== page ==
Literally, that was one week ago. Today, we are sitting in 71 degree Heaven! The evenings are cool and we are finally getting those beautiful Fall breezes that make life lovely! I had to put on a robe and socks this morning and cover up with a quilt to drink my coffee! Ahhhh… back to nice temperatures!
September has brought us ‘back’ to a lot of things. August in Spain is a very slow month. Almost everyone saves their yearly vacation time for August. School is still out and businesses close for weeks at a time. Even church cuts back to bare minimums… there is a Sunday service, but no bible studies or Sunday school classes or meetings. For us, that means that we spent most of our August doing coaching and counseling work via Skype for other workers around the globe, hosting visiting workers for coaching and counseling, and preparing for some upcoming trainings that we will be doing for other workers. But locally, not much happening.
It all changed on September 1st! Back to Business. Back to schedules and agendas and meetings. Back to bible studies and classes. Somehow, the slowness that is August here—that slowness that was making me bored and fidgety—changed to a steady busy-ness that now has me begging for the slowness to return!
Back to School. School children went back to school this week. Sarah started her second year of ESO (Escuela Secundaria Obligatoria), which would be equal to the 8th grade back home. She is continuing in the Bilingual education program in Spanish public school, which means that she takes some of her classes in 50% Spanish / 50% English, some classes are taught completely in Spanish, and she is in her second year of French language. She’s a typical pre-teen… excited to start school because she’s excited to be with her friends again, but not so excited about starting the classes again. Prayer Point—please pray for Sarah’s teachers as they spend the majority of their day with our daughter. Please pray for her friendships—for them to be healthy and life-giving, and for Sarah to be a light in the lives of her non-believing friends and their families.
Back to Training. Sarah had a full month off of her Equestrian training, mostly because her trainer got married. She continued to ride several times a week during the summer, but now we are back to training. She competed last week and came in 1st in one of her events, so she’s still doing great.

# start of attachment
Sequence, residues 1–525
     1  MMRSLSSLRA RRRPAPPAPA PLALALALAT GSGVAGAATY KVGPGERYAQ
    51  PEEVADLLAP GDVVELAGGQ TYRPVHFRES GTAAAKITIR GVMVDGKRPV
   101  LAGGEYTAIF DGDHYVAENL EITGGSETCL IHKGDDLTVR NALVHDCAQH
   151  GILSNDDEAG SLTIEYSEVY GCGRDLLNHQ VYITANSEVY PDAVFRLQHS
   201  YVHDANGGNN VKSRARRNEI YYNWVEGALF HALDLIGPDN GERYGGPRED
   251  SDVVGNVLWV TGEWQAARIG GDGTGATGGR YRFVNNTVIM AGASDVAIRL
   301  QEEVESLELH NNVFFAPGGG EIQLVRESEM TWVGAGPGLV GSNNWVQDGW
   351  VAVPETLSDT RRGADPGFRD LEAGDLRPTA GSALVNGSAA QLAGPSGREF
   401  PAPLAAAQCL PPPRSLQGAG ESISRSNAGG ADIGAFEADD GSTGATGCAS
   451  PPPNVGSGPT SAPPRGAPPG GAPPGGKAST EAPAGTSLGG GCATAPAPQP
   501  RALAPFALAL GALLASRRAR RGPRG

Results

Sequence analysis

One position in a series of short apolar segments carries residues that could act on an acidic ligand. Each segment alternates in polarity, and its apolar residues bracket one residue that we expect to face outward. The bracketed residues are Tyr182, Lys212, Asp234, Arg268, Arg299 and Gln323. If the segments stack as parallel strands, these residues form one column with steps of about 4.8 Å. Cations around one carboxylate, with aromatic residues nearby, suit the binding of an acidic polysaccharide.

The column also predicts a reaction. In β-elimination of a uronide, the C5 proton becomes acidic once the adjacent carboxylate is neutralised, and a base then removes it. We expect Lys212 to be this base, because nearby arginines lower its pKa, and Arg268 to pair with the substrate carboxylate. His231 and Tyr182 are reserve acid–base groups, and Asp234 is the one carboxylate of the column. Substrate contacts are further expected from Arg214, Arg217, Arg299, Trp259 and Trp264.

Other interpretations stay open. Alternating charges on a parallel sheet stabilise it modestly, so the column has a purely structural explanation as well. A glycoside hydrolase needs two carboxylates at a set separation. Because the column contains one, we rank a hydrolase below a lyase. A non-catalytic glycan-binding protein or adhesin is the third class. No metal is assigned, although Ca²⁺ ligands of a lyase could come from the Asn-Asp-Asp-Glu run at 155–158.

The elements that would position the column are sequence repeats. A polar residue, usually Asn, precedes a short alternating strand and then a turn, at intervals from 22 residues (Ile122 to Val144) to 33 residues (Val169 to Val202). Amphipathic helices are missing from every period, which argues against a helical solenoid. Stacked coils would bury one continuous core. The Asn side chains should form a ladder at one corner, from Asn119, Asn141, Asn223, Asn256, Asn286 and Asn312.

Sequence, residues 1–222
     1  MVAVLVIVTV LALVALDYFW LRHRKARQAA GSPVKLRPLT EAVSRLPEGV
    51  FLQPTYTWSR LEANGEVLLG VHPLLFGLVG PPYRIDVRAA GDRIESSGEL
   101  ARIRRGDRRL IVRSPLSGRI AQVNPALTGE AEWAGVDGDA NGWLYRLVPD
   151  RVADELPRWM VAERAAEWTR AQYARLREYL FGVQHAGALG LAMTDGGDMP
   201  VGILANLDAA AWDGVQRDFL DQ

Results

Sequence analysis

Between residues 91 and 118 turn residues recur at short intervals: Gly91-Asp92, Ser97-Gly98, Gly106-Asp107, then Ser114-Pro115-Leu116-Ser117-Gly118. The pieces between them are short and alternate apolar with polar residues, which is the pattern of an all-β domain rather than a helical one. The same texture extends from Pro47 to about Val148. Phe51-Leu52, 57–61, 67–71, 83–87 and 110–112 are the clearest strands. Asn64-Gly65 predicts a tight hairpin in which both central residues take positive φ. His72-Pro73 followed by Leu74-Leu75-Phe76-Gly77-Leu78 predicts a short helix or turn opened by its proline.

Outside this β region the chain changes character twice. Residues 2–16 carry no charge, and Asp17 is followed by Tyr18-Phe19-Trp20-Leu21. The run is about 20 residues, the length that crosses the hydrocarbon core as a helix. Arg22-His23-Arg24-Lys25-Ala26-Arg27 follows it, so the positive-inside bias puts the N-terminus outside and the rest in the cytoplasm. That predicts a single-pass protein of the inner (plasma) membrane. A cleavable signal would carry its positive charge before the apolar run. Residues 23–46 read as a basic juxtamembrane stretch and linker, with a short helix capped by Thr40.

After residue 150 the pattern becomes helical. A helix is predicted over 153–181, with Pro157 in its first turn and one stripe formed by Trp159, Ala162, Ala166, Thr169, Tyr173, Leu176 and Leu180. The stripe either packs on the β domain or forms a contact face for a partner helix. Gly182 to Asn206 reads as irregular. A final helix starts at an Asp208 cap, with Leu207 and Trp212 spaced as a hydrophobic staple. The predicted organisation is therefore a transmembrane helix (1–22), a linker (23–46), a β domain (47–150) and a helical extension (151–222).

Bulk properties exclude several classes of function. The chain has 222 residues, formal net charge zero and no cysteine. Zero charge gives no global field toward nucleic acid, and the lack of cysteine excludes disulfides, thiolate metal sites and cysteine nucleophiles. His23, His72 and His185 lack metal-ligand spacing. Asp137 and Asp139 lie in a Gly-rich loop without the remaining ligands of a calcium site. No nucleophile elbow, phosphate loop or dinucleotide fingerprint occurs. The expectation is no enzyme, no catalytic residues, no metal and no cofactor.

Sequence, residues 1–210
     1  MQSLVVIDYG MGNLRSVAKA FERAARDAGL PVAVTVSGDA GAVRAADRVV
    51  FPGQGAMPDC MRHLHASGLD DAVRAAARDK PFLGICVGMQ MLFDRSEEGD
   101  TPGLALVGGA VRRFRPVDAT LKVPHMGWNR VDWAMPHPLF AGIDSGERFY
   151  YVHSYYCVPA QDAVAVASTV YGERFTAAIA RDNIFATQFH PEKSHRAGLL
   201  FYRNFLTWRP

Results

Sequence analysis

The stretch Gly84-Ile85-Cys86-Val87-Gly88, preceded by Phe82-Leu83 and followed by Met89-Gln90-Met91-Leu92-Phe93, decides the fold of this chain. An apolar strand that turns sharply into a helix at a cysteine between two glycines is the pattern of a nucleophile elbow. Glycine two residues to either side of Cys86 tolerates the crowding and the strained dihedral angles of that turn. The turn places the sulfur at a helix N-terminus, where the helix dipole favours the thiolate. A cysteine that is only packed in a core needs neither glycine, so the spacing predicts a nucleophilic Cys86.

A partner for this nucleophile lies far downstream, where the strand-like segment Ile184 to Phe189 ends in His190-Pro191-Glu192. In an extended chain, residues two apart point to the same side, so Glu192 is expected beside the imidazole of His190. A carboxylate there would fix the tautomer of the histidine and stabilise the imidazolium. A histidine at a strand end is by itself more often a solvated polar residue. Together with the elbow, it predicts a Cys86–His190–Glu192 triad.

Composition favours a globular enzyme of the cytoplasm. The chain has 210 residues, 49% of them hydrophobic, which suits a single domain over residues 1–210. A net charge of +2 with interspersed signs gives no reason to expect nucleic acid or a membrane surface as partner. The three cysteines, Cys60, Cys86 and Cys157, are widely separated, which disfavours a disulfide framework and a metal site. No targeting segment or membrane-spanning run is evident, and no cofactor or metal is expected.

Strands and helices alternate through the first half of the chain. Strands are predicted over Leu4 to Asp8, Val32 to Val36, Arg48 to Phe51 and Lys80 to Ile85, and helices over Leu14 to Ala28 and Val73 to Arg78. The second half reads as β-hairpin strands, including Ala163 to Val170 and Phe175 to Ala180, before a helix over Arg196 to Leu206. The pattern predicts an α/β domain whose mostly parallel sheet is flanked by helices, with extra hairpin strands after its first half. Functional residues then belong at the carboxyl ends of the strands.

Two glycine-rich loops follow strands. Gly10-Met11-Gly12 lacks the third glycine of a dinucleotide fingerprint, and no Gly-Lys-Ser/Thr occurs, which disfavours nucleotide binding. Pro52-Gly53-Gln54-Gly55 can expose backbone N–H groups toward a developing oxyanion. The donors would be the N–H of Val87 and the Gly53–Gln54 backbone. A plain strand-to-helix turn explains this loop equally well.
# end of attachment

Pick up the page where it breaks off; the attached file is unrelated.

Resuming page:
Billy and I are also back to training… back to planning for training workshops that we will be leading in the next months for other mission workers, back to language training and working with language helpers to refine and hone our skills, and back to training local leaders and workers in Spain. Prayer Point—please pray for teachable spirits, for open-minds and for a willingness to learn.
Back to Escuela Dominical (Sunday School) - We started the new Sunday School year this past weekend. Billy and I are the Directors of the Sunday School program at the church here. This year brings lots of changes to the program. Changes in teachers and placement, changes in curriculum, changes in classes and age-levels. Prayer Point—please pray that our teachers develop in to a team, pray that changes are embraced and pray that growth occurs in both the teachers and in the students.
Back to Study Groups—September brings new beginnings to the study groups and cell groups and home fellowship groups. Sunday was the beginning of the new study year for the Café con Jesus inductive study group that meets before church each Sunday morning. We had a full group last week! Pray for this group to continue to be a risk-fee environment where everyone feels open and vulnerable, yet safe… safe to bring important biblical questions and arguments to the table and have real discussion with others. A praise point and a prayer point here is that the pastor believes that they way to foster real growth and real change in the church and in the community is to have MORE groups like the Café con Jesus group! More opportunities for people to come together for authentic discussion and learning.